Additionally, the structure–activity relationship of AjFG and its derivatives for intrinsic FXase inhibition was in a similar manner to their APTT prolonging activity (Figure 3A,B, Table 2). The anti-FXase activity of AjFG was more than 10-fold higher than that of LMWH, while the activities of dAjFG, Fr-3 and Fr-4 were slightly weaker than that of LMWH. However, Fr-1 and Fr-2 had no significant anti-FXase activity at concentrations as high as 1000 μg/mL. These results indicated that three trisaccharide structural units might be the minimum structural fragment of AjFG for its potent anti-FXase and anticoagulant activities.
The application of FGs as a novel antithrombotic is severely limited due to their undesirable effects, such as factor XII and platelet activation [27,28]. Native AjFG with large Mw exhibited FXII activation activity, which might cause procoagulant effect or inflammatory reactions [29,30]. The FXII activation activities of AjFG and its derivatives were evaluated, and the over-sulfated chondroitin (OSCS) was used as the positive control. Compared with OSCS and AjFG, Fr-1–Fr-4 exhibited no FXII activation within the experimental concentration range (Figure 3C). Previous studies have shown that the native AjFG induces clumping of human, rat, rabbit, and mouse platelets, and causes a dramatic decrease in the platelet count [31,32]. In our present study, compared with ADP, Fr-1–Fr-4 did not exhibit platelet aggregation (P > 0.05) (Figure S9).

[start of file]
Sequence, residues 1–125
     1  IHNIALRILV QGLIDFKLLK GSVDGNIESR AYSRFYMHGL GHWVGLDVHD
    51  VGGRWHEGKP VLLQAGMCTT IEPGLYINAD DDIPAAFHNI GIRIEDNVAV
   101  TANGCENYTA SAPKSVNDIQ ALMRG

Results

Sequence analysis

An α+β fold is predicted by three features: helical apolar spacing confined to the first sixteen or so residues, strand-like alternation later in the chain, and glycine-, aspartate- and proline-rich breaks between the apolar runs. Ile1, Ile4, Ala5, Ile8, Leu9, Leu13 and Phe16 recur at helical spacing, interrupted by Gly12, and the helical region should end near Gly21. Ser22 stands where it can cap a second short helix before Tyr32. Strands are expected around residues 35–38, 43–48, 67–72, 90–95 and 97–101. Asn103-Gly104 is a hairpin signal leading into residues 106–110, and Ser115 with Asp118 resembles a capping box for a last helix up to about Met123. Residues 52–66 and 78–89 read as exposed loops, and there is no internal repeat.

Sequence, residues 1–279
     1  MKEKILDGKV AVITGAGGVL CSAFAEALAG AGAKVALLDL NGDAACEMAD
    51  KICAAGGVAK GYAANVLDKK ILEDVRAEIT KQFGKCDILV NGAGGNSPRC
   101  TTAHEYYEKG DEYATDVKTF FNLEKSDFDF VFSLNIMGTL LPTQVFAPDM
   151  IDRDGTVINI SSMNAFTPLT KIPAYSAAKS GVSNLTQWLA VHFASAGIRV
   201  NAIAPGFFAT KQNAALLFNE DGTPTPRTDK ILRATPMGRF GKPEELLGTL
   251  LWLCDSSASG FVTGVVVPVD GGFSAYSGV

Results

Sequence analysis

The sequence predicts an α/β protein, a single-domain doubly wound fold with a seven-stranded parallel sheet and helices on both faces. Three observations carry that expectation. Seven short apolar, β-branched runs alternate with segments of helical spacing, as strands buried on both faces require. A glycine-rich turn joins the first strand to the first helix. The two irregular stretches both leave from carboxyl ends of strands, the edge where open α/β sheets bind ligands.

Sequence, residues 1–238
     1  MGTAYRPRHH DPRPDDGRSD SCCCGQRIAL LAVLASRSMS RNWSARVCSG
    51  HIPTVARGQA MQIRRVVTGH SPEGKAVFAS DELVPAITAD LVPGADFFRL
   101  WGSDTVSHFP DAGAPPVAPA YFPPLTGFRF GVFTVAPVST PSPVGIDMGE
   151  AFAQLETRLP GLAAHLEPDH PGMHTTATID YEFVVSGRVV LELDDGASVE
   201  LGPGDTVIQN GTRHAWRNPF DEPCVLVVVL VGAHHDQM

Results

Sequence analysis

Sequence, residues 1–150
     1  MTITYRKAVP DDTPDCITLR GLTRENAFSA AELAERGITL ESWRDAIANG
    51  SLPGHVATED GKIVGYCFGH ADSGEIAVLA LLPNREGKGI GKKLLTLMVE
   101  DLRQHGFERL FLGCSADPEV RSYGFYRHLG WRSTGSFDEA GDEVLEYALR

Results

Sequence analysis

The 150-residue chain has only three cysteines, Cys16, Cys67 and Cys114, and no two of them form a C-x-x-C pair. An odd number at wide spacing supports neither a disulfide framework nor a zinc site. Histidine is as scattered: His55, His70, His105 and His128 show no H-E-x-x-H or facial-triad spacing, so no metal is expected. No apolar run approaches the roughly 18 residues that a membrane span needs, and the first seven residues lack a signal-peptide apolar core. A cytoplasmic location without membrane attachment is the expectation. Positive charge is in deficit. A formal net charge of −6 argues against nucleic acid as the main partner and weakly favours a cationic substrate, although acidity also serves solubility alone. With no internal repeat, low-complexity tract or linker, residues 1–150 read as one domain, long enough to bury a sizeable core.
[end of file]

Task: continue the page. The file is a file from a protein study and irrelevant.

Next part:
In previous study, a fragment of AjFG named DHG was produced by hydrogen peroxide depolymerization, it had the Mw of approximately 8–15 kD and dp of about 25–50, and its anticoagulant activity was investigated [33,34]. In this study, the purified oligosaccharides with a dp of 9 (Mw 2.52–2.83) displayed strong anticoagulant and anti-FXase activity. Comparison of the activities of AjFG, dAjFG, and the oligosaccharides with various dp enabled us to study their structure-activity relationship.

3. Materials and Methods

3.1. Materials and Chemicals